P2P’s Top Five Stories: February 2017
It was a short month, but it was packed with a lot of good action. Here are our top five stories from February:
By all accounts, Kevin Saum shouldn’t be alive right now. That statement may sound dramatic, but it’s every bit true.
The 26-year-old from Long Valley, New Jersey was leveled with back-to-back concussions on the football field as a high school senior. His brain swelled so rapidly that he stopped breathing on the sideline and a helicopter had to quickly transport him to an operating room — a place most victims of second impact syndrome unfortunately don’t even make it to. That’s because the condition has a 50% fatality rate. Nearly every single person who does make it through is mentally handicapped for the rest of his or her life.
Saum is one of the lucky few walking and talking survivors of second impact syndrome, a rare phenomenon in which a second concussion occurs before the first one is properly healed. Most cases occur in young athletes because their brains are still developing and more vulnerable to trauma.
One might assume that fighting brain cancer for 13 years would drain every ounce of energy in one’s body. Not for BethAnn Telford, who actually has an increase in stamina because of her battle. Case in point: She just ran seven marathons on seven continents in seven days. Yes, that’s 183 miles in 168 hours despite cancer cells still residing in her body, occasional seizures, and needing a catheter to expel urine.
The 47-year-old who works in the U.S. Government Publishing Office in Washington D.C. took on the World Marathon Challenge, which offered 33 participants the chance to complete marathons from Antarctica to Australia and places in between with a chartered plane carrying them all over the world.
For Boston Marathon bombing survivor Roseann Sdoia, 48, this year is all about putting one foot in front of the other. First, it was a dash up one of the tallest buildings in the world. Next: Walking down the aisle in a wedding dress.
Sdoia was one of 235 competitors to take on Wednesday night’s 40th annual Empire State Building Run-Up, a legendary race sponsored by Marmot up the 86 floors of the iconic skyscraper.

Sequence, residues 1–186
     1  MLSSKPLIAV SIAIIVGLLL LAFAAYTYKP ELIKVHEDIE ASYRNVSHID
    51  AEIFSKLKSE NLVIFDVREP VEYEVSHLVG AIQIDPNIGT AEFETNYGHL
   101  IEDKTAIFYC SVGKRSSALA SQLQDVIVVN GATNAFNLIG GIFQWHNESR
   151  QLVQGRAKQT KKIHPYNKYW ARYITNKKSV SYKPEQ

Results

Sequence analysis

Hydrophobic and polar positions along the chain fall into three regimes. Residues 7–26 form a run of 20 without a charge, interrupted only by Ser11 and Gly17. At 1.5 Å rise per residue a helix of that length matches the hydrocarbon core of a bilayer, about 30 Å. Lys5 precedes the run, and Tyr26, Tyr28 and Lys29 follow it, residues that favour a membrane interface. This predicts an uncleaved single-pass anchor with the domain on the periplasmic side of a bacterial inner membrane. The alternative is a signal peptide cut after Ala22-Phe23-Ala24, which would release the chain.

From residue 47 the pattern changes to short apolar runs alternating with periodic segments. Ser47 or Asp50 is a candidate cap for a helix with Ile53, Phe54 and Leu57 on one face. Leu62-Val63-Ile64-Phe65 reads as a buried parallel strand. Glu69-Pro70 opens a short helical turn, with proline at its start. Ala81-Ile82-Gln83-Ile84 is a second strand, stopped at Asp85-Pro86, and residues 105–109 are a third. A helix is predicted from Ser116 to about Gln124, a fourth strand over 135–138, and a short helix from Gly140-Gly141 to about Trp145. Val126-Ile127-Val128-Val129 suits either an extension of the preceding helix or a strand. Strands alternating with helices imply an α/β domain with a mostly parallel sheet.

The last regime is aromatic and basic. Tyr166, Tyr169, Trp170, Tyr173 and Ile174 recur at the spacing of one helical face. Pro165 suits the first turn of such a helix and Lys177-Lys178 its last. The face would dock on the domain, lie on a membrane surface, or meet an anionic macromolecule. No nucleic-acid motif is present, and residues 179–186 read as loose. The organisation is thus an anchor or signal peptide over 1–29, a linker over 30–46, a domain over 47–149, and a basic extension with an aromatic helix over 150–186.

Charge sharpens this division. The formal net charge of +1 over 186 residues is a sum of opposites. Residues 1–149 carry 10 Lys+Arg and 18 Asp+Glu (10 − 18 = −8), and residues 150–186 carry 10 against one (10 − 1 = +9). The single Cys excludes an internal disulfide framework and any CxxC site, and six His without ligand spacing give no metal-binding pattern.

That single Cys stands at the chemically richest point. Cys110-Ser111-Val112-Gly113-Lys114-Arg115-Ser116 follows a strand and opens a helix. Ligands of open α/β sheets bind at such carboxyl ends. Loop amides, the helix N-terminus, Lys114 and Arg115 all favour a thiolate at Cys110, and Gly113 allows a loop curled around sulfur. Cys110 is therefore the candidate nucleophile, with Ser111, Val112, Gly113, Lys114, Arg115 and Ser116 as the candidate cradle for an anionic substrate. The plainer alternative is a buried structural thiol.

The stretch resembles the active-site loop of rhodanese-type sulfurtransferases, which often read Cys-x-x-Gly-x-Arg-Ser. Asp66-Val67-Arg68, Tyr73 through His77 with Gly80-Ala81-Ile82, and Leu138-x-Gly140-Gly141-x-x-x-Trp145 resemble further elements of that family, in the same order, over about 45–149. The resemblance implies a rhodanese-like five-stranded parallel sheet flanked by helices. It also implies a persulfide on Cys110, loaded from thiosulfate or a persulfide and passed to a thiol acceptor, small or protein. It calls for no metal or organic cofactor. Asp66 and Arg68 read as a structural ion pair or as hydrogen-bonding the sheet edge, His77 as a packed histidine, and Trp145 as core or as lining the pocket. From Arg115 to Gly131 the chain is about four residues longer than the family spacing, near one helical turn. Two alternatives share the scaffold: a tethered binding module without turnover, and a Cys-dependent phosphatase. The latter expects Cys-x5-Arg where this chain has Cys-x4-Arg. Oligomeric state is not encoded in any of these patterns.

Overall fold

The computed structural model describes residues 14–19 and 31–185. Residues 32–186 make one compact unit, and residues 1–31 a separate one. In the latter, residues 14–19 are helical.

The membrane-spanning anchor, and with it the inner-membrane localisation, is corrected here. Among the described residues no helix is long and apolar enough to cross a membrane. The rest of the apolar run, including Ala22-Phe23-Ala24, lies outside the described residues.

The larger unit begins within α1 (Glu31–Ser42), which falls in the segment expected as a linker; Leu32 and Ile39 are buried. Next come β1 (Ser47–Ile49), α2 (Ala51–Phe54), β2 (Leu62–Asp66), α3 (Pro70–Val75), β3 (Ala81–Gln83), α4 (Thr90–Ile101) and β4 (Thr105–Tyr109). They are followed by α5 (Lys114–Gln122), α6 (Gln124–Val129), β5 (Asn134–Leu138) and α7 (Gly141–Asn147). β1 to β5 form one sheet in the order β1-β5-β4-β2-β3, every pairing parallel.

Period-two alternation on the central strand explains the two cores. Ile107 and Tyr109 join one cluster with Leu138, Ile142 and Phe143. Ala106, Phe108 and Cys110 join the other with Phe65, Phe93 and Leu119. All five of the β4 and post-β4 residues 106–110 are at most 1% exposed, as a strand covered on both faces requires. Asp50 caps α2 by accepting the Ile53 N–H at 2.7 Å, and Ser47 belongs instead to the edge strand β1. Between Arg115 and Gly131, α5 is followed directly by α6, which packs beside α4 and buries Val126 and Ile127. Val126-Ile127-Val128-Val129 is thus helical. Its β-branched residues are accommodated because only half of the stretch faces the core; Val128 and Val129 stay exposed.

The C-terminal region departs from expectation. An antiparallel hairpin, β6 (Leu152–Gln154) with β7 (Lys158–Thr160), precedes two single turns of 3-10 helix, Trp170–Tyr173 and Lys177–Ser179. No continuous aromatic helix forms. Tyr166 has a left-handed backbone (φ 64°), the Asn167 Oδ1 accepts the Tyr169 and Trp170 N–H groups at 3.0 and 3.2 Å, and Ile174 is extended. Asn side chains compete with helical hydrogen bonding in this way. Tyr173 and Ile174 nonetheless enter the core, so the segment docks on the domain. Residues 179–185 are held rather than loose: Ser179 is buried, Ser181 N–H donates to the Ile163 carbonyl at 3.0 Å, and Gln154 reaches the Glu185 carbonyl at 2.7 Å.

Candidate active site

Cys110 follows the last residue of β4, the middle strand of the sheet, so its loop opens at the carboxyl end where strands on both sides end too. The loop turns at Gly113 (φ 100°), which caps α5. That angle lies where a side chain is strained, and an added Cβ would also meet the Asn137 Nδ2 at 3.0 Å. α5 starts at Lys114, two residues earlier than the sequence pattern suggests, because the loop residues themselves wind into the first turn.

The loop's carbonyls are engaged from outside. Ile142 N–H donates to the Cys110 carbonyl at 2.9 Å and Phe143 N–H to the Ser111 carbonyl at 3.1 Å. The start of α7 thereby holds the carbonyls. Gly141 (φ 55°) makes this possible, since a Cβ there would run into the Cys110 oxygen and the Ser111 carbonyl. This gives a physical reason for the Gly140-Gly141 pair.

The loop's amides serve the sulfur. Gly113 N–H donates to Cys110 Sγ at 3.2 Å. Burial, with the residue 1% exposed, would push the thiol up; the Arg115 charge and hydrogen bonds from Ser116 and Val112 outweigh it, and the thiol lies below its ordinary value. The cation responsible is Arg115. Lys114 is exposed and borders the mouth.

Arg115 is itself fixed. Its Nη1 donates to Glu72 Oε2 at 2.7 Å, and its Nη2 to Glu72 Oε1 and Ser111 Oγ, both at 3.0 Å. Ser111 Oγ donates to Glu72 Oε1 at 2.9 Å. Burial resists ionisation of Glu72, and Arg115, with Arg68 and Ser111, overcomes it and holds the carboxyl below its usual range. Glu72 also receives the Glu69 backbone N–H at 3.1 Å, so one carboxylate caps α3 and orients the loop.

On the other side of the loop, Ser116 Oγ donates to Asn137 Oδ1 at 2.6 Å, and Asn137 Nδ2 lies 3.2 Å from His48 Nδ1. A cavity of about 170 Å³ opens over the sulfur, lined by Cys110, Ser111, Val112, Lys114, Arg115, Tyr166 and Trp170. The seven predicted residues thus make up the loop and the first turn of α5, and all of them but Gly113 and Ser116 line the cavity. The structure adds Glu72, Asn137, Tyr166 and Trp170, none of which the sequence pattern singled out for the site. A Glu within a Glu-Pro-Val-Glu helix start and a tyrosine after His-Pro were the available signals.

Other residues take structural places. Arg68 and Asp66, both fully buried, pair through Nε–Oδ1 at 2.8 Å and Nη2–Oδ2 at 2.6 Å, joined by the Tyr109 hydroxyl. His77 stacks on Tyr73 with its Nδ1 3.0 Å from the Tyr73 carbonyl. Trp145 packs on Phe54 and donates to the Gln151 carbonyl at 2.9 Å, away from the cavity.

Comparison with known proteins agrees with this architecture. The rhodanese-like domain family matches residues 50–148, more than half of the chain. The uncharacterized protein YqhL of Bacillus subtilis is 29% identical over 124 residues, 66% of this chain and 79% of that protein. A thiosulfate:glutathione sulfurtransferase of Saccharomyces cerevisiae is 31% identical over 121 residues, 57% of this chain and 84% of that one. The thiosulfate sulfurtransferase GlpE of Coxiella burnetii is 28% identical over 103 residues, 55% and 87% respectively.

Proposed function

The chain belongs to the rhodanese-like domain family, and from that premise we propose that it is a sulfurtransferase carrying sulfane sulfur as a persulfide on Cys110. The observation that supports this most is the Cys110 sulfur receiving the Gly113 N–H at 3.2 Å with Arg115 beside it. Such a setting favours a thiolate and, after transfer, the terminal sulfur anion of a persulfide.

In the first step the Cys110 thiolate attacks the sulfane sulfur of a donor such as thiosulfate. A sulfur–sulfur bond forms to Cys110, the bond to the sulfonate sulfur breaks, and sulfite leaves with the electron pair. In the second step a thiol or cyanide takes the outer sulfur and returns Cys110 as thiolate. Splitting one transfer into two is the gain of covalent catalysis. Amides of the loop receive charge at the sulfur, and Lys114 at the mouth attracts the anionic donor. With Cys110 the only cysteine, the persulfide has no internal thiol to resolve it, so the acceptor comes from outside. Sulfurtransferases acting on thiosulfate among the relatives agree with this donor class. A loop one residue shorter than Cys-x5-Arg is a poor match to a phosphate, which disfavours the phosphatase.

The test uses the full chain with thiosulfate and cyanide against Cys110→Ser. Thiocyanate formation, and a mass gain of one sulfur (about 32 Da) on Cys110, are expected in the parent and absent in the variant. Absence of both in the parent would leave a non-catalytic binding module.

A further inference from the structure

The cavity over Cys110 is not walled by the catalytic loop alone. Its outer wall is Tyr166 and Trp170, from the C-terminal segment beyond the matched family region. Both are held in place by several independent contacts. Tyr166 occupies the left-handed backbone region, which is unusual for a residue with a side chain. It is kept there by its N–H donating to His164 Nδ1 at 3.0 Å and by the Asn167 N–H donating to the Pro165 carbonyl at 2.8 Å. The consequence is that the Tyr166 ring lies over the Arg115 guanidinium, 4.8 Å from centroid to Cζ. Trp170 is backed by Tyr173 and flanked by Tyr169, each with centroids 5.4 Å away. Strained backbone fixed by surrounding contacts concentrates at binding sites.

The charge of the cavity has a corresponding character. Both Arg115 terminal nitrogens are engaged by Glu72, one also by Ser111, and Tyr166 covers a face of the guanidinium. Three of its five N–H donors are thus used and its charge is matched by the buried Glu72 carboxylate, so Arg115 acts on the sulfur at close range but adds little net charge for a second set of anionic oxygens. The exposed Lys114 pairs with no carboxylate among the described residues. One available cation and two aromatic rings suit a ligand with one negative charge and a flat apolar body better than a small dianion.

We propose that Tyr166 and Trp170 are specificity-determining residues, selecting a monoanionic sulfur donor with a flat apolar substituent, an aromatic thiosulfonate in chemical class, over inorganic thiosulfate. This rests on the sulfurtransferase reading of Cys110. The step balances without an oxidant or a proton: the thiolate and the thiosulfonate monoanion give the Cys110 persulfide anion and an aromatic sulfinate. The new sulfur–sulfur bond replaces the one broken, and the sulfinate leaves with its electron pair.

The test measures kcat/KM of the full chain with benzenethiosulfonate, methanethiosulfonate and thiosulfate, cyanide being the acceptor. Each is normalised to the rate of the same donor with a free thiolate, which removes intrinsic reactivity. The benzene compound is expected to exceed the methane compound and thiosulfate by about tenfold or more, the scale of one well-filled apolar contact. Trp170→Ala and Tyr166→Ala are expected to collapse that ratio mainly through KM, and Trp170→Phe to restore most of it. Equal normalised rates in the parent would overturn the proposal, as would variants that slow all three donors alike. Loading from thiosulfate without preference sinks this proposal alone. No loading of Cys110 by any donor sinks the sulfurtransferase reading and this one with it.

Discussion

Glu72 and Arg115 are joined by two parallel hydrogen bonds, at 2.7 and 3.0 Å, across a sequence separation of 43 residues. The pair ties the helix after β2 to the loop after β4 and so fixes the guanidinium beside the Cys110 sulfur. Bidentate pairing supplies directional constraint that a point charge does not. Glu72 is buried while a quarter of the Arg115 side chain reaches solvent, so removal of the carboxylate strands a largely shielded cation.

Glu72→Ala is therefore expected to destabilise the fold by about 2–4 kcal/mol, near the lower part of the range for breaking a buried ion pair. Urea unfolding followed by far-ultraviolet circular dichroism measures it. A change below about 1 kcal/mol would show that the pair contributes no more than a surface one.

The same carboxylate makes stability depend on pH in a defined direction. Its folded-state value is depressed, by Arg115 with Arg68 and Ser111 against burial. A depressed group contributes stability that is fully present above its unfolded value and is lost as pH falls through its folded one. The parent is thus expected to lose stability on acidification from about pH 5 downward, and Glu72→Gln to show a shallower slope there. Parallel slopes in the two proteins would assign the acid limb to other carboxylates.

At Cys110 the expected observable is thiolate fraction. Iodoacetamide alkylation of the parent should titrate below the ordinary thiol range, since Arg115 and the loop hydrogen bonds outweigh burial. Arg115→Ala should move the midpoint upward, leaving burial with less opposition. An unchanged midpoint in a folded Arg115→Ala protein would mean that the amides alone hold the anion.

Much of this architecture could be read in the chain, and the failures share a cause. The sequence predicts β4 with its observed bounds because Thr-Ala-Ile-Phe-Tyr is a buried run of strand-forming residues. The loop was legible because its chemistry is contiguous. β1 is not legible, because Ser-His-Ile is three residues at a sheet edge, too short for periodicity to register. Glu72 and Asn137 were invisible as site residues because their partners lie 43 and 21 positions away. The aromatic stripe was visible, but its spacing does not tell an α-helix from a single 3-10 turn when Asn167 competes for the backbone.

She fought her way to the top of the 1,576 stairs in 58 minutes, 51 seconds. Accompanying her was her 37-year-old firefighter fiancé, Mike Materia, who was dressed in full bunker gear, and Sarah Reinersten, the first woman to finish the Kona IRONMAN on a prosthetic leg.
NFL star J.J. Watt is always up to something good.
In his latest stand-up move, he donated $10,000 to a family who lost their father in a car accident.
Jenni Steiner and her husband, Kirk U’Ren, were hit by a speeding driver on Highway 30 in Madison, Wisconsin on Feb. 12. Kirk was killed instantly and Jenni remains in critical condition with severe head injuries. The two are parents to one-year-old twins sons
A few years back, we told you the story of Joey Anders, a PGA teaching pro, Jordan’s Spieth’s first golf coach, and a guy who likes to do the right thing. Although Joey and his wife, Cecilie, already had four kids of their own, they fostered and ultimately, adopted a teenage girl from the Ukraine named Anya, who had spent the bulk of her life in an orphanage.
It was a rough go at first, on all kinds of levels. Money was tight. The house they had was too small. Anya had a tough time adapting to her new world, new language and being part of a real family. Until she discovered a natural talent—and love—for golf.
At the end of our first story, Anya was in high school and for the first time in her life, she had hopes for the future. All good. But, then, what happened?
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